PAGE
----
During the summer of 2006, while doing some routine maintenance of the area between the dam and the furnace, board members revisited four long iron bolts sticking out of the ground. They had been observed many times previously, but with so many other mysteries associated with the site, they had not had much attention. This time, under direction of our late Archaeologist, Fred Warner, the bolts were discovered to lead to a large buried metal object. Nearly at once two facts were obvious: (1) it was a turbine, but of a different type than the main turbine we had already located, and (2) it was deteriorating badly since it was buried below the water table.
Prompt action was needed, so very soon we had raised it from the pit.
Here’s the turbine, resting a few feet from its original turbine pit. The photo gives a sense of its location relative to the main turbine and the office building. Note the iron bars extending from the stone wall to the left and bent downward. They will play a part in the story as it unfolds.
With limited resources, we were at that time concentrating on preserving and explaining the main turbine, since its role in the iron making process was clear and necessary. While we researched the Leffel turbine during this period, most of our attention was devoted to the main turbine.
While the display for the main turbine was nearing completion, the Leffel — although spared from the continual wetness of its original place in the pit — more and more clearly was becoming something we needed to do more with than simply covering it with a tarp each winter. It needed the same kind of treatment the main turbine had had to retard corrosion.
During this period, investigation revealed that in addition to the blast furnace at the Beckley site, there had been a sawmill as well. This was reasonable; water from the main turbine still had sufficient force to turn a turbine of this type, which was sufficient to power a sawmill. But the way we discovered it is interesting. Member Dick Paddock was checking out some old catalogs of the Leffel Manufacturing Company. In those days, industrial equipment catalogs often listed sites where the products had been installed. Dick discovered that “our” turbine had been sold, in 1877, to power a sawmill in East Canaan. Before that, we had absolutely no idea that there had been a sawmill as part of the Beckley Furnace works.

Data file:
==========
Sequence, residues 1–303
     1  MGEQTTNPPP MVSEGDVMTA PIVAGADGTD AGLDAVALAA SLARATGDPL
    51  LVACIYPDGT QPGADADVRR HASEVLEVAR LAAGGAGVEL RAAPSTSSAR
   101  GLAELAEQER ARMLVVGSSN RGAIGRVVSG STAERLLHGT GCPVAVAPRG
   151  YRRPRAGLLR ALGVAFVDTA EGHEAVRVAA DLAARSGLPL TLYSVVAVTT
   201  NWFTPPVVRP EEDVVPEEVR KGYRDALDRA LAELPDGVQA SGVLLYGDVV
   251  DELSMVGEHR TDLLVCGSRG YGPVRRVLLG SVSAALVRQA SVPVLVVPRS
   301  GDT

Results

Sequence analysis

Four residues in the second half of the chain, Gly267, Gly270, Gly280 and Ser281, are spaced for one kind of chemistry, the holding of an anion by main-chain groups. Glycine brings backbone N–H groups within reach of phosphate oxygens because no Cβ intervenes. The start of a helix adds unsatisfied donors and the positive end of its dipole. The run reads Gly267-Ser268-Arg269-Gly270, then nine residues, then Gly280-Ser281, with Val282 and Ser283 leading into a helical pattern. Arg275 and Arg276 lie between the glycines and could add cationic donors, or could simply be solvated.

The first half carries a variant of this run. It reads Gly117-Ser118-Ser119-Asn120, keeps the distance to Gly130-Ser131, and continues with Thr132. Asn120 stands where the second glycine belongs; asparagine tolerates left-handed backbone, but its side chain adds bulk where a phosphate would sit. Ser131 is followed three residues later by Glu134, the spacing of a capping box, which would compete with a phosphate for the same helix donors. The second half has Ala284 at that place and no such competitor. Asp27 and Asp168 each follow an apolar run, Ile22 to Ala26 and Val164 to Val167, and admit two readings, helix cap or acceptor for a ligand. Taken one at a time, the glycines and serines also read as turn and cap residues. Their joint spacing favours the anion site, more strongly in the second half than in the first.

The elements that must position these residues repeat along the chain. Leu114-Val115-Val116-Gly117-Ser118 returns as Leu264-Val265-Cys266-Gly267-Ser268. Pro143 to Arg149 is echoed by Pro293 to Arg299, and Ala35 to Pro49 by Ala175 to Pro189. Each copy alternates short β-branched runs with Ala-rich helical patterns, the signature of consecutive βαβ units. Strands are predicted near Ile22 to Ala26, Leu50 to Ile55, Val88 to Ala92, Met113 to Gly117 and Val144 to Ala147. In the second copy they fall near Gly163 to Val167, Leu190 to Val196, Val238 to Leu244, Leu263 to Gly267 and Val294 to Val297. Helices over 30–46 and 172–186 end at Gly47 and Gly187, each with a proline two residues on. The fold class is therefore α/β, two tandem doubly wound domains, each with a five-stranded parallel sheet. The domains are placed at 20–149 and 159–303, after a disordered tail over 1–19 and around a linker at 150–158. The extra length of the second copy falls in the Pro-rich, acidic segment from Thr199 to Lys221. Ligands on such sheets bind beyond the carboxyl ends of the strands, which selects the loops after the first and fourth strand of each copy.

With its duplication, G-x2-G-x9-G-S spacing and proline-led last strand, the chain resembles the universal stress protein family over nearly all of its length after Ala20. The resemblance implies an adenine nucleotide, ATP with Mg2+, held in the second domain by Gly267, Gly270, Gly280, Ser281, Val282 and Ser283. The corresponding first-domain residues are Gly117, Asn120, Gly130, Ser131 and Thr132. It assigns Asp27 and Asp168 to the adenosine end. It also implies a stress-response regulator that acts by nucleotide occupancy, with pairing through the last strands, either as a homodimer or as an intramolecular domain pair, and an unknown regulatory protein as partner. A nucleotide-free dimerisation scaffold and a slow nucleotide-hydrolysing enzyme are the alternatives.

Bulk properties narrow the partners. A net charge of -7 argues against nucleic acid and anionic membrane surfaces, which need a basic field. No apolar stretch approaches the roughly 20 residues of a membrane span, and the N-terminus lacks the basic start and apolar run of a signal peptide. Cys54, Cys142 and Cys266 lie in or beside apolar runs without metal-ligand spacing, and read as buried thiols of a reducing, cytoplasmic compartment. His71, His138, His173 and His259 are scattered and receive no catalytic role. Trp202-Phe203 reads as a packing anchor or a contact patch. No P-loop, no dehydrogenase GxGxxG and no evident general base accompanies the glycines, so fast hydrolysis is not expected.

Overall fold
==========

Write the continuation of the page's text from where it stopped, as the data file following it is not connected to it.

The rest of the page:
Subsequently, Dick researched some notebooks left by a former manager of the works that provided a sketch of what the sawmill looked like around 1910:
Combining the location of the turbine, with the sketch, and with those bent iron bars protruding from the wall in the first photo above, we were able to place the sawmill and realize that the iron bars had supported the ramp from the top of the wall to the sawmill.
Restoration of the Leffel turbine
With other urgent projects completed, it was time to restore the Leffel turbine. The following photos, by Tony Cantele, closely involved in the process, document the process of returning the stabilized turbine to Beckley and its temporary location on a concrete pad next to the office building. Making noteworthy contributions to the restoration process were Walt Michaels, the late Fred Warner, and Bob Anderson, as well as Tony.
While we deliberate where the Leffel turbine will be displayed and how we will interpret it, at least we’ve stopped its deterioration and it can be examined in detail.
Well, it can be examined next spring. Right now it’s wrapped up for the winter!
Lots more to come in this story….